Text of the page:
The trend is clear – U.S. consumers want pumpkins in their lattes, beers, pies and on their front porches. During the past 15 years, pumpkin production from all categories (fresh, processed, etc.) rose 31%. Pumpkin production was at 1.46 billion pounds in 2000 and rocketed to 1.91 billion pounds last year.
The USDA Economic Research Service attributes the rise to several factors, including popularity of urban pumpkin patches, fall festivals, new ornamental uses and seasonal cuisine. Per-capita use statistics show the average U.S. citizen uses 5.39 pounds of pumpkins each year for food and ornamental purposes.
This year could buck that trend, however, by no fault of consumer demand. Libby’s, the largest U.S. pumpkin producer, told Bloomberg earlier in October that yields in Illinois, the nation’s largest pumpkin-producing state, will be down big due to heavy summer rains. All told, they will only can around half of what the company initially forecasted, according to spokeswoman Roz O’Hearn.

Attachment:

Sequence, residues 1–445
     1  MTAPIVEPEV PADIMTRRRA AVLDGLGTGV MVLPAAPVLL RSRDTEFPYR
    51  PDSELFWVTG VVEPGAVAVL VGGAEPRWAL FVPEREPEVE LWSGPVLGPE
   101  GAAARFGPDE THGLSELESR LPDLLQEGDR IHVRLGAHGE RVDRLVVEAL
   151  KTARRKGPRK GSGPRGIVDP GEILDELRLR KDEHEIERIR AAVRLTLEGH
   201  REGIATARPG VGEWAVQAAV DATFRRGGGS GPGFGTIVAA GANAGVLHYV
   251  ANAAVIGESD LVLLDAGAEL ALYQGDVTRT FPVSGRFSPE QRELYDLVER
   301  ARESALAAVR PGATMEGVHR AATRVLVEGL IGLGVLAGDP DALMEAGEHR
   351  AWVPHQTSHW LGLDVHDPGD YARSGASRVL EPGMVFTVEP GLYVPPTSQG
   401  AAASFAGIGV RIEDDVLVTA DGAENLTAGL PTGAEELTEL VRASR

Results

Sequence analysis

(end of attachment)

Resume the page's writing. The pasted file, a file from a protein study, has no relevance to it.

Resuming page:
“We think we’ll have enough pumpkins to get consumers through the important Thanksgiving holiday,” O’Hearn told Bloomberg. “[But after that, there’s going to be a shortage] until you get to the next harvest.”
Consumers will be waiting. According to Forbes, pumpkin beverages have soared 130% since 2006, and using pumpkins in restaurant dishes has increased tenfold over the past decade.